Judge William Kuntz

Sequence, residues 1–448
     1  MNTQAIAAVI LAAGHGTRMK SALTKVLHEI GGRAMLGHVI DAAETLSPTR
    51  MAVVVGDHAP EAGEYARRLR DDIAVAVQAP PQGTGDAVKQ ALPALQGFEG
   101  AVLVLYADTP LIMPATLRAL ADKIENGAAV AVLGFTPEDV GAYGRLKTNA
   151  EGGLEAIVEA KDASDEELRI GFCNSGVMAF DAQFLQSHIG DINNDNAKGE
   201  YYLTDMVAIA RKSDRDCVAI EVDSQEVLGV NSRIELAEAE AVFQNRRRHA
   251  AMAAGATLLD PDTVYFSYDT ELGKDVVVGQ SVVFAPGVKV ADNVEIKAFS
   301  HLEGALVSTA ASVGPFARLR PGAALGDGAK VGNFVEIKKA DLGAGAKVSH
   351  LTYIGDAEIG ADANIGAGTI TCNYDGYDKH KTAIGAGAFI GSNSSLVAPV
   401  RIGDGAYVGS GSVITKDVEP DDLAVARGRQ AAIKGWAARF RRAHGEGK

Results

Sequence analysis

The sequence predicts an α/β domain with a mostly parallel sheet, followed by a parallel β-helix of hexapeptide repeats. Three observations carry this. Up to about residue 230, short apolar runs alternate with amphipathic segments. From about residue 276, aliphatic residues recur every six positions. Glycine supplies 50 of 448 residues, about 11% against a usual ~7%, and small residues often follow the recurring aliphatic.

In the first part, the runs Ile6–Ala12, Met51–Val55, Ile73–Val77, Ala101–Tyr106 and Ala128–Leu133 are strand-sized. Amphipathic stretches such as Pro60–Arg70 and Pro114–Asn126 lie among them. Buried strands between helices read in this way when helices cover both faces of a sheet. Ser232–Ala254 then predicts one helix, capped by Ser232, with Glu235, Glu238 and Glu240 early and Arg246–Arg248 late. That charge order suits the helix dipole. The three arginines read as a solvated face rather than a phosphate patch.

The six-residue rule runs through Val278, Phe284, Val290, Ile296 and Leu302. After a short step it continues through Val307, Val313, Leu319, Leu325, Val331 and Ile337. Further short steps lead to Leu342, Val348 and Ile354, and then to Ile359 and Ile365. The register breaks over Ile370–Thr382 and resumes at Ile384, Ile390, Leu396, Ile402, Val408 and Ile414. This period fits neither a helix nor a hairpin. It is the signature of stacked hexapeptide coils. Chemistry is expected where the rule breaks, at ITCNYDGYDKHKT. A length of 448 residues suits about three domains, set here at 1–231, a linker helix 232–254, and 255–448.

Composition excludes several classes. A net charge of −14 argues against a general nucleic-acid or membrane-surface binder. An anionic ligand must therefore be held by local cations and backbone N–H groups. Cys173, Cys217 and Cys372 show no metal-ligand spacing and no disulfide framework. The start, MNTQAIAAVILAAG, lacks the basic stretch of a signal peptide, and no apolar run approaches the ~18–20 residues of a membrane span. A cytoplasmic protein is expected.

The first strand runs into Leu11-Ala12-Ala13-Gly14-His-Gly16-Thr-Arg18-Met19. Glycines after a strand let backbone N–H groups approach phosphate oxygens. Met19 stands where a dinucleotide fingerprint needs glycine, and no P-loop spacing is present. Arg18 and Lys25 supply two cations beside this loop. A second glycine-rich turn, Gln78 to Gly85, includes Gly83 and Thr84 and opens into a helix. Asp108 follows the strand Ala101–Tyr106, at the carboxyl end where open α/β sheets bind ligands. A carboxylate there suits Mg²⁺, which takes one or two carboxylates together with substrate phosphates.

Fama and co-defendant Mannino were indicted on charges of bank robbery violating 18 USC §2113(a) and (d), and using and carrying a firearm in violation of 18 USC §924(c)(1)(A)(ii) in connection with an armed robbery of a Capital One Bank branch in Brooklyn in 2011. The government anticipated calling lay witnesses employed by cell phone providers T-Mobile and Metro PCS so as to introduce business records pertaining to phones used by Fama and Mannino on the night of the robbery. The government also sought to call expert witness Orellano to testify about radio frequency engineering and cell site analysis as a means of determining the approximate location of cell phones. The court denied Fama’s motion in limine to preclude admission of cell tower evidence. The testimony the government sought to elicit from the T-Mobile and Metro PCS employees with respect to cell phone records and cell tower sites was based on personal knowledge and thus constituted lay opinion testimony, such that a Daubert hearing was unnecessary. In denying dismissal of Orellano’s expert testimony, the court found his testimony sufficiently relevant and reliable under Daubert.